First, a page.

For those who oppose abortion the decision is easy.  Whether a fetus does or does not experience pain is not an issue.  Abortion is wrong.  For those who are pro-choice - should it matter?  In a properly performed abortion, any pain that the fetus may feel would be extremely short-lived.  Is this enough to precede the operation with anesthesia?

Doesn't it seem strange to have to anesthetize a fetus prior to aborting it?  

Tuesday, September 10, 2013

Rivera or "Ree-vey-rah."

A recent story on National Public Radio featured an interview with a superintendent of schools (I do not remember his city) whose surname was Rivera.  I do not remember his first name, but I recall quite clearly that when he spoke, his American English was totally accent-free.  Now I don't know how he pronounces his name, but I'll bet he pronounces it the way I would, or most English-speakers would - the way you would - that is without a Latino inflection or accent.  The reporter of the piece, however, constantly referred to Mr. Rivera as Mr. "Ree-vey-raah" reading his surname with a distinct Latino accent in a way that the name would be pronounced in a Spanish-speaking country.  The reporter, by the way, who, judging by his surname (also not specifically remembered), had a Latino background,  spoke perfect accent-free English, giving a Latino accent only to the name "Rivera" and to his own name in his narration of the piece.

I have never heard reporters pronounce Irish names with an Irish brogue, or Scottish names with a Scottish burr, or German names as they would be pronounced in a German-speaking country, etc.  But this is not the first time that I've noted the exception made for Latino names when uttered by Latino reporters speaking accent-free American English.

I seriously doubt that Mr. Rivera, or other English-speaking native-born Americans with names such as Fernandez or Morales, would actually prefer to have their names voiced as they would be in their ancestral Spanish-speaking countries.

But, maybe they do!  And if so, "mea culpa" (pronounce this in the original Latin manner, please).

Nurse Practitioners Good - Physicians Bad

An internal investigation by the Department of Veterans Affairs has found that one of its hospitals in Jackson, Miss., did not have enough doctors in its primary care unit, resulting in nurse practitioners’ handling far too many patients, numerous complaints about delayed care and repeated violations of federal rules on prescribing narcotics.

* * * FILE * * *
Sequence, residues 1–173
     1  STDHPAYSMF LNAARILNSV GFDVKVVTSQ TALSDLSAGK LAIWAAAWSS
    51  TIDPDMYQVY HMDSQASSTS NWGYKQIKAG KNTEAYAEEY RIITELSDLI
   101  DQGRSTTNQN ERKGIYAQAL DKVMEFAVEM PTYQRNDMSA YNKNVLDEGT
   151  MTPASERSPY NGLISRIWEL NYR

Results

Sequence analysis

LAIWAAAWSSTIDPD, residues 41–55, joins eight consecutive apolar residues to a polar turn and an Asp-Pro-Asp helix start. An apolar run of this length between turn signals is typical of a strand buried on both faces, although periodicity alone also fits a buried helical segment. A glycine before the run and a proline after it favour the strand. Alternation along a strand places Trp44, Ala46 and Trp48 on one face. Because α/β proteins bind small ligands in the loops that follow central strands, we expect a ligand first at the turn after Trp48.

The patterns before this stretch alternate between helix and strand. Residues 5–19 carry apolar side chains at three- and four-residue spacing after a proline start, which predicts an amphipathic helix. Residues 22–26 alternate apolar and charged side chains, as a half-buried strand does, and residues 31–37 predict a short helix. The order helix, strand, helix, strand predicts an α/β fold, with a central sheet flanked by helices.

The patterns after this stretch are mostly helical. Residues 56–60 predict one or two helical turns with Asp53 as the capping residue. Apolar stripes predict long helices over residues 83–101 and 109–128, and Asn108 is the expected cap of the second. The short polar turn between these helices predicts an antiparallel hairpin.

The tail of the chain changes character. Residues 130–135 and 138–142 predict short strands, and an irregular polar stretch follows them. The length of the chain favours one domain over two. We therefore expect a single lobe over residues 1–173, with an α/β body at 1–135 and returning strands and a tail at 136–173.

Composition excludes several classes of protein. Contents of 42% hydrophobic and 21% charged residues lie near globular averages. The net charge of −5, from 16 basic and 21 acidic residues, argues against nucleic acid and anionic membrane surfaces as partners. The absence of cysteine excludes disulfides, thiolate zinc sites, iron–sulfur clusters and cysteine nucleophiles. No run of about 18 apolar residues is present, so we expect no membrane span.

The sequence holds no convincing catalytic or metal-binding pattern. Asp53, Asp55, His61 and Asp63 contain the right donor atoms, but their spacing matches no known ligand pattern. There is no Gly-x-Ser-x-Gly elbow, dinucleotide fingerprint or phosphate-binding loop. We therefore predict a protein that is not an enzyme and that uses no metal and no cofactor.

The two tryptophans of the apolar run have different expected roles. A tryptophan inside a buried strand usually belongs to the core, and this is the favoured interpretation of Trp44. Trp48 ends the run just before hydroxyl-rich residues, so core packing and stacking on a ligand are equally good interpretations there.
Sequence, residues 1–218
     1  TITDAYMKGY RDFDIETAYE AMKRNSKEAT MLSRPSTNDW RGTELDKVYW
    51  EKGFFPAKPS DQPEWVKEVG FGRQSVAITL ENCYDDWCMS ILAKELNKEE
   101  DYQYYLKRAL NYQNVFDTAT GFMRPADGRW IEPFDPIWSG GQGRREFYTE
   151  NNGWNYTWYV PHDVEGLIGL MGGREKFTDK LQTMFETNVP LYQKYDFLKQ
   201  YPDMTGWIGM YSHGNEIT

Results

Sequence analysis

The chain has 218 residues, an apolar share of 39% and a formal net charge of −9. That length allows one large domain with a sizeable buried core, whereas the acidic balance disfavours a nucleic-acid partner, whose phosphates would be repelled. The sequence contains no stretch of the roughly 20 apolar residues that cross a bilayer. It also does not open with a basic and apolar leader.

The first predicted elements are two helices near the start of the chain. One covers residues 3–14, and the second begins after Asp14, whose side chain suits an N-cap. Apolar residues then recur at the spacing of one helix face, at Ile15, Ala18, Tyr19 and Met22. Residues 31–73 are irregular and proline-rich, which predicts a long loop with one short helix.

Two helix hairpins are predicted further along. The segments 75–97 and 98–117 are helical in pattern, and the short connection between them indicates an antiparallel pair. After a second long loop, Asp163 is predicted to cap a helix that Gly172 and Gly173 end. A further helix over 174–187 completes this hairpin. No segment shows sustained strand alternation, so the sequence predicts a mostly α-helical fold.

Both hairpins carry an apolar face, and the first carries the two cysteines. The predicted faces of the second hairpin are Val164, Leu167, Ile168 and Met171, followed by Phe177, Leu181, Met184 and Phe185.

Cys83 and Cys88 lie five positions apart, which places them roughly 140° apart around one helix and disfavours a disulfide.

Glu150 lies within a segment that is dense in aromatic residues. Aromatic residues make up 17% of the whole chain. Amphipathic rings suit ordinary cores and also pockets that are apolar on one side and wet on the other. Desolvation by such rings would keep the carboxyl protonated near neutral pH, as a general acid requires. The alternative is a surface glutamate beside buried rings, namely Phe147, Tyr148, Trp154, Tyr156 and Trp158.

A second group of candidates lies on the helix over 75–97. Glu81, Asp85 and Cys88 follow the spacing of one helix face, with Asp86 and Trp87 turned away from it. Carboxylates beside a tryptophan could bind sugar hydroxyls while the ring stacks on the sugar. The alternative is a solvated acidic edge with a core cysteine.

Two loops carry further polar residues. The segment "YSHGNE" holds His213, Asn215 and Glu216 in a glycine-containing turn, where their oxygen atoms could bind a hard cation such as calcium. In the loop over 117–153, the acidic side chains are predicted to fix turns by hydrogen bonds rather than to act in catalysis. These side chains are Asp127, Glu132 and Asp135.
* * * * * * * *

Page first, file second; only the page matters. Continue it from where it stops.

The investigation found no evidence that care had been compromised in the primary care unit, the vital first stop for many patients. But it concluded that there were enough problems “to suggest there may be quality of care issues that require further review,” a copy of the investigators’ report says.
These were the leading paragraphs from an article in the Sep 9 NY Times about major problems affecting a VA hospital in Mississippi.  Further along the article goes on to describe other concerns, particularly those regarding a radiologist (a physician, by the way - not a nurse practitioner!) who misread multiple X-rays and CT scans.  A large number of patients will now have to be recalled for re-evaluation.  
With this real issue of medial malpractice, not to mention, complete physician incompetence displayed by the radiologist, I was astonished to see that the opening paragraphs deal not with this horror, but with the fact that many patients, in the absence of an adequate number of physicians in the primary care area, actually had to see nurse practitioners!!  God, how bad is that!!  But then the reporter informs us that there was "no evidence of that care had been compromised....."  Is that supposed to be a surprise??  
This Blog has always been a strong supporter of nurse practitioners.  They are well trained and extremely capable.  It is wrong for the NY Times to highlight primary care by nurse practitioners as a "failure" of care in its initial description of the problems of this hospital.  Care by nurse practitioners can easily be equal to (and sometimes even exceed) that of a primary care physician!!  The major issue of poor quality of care at this VA center wasn't in the area of primary care, but the physician-radiologist - the MD, not the NP!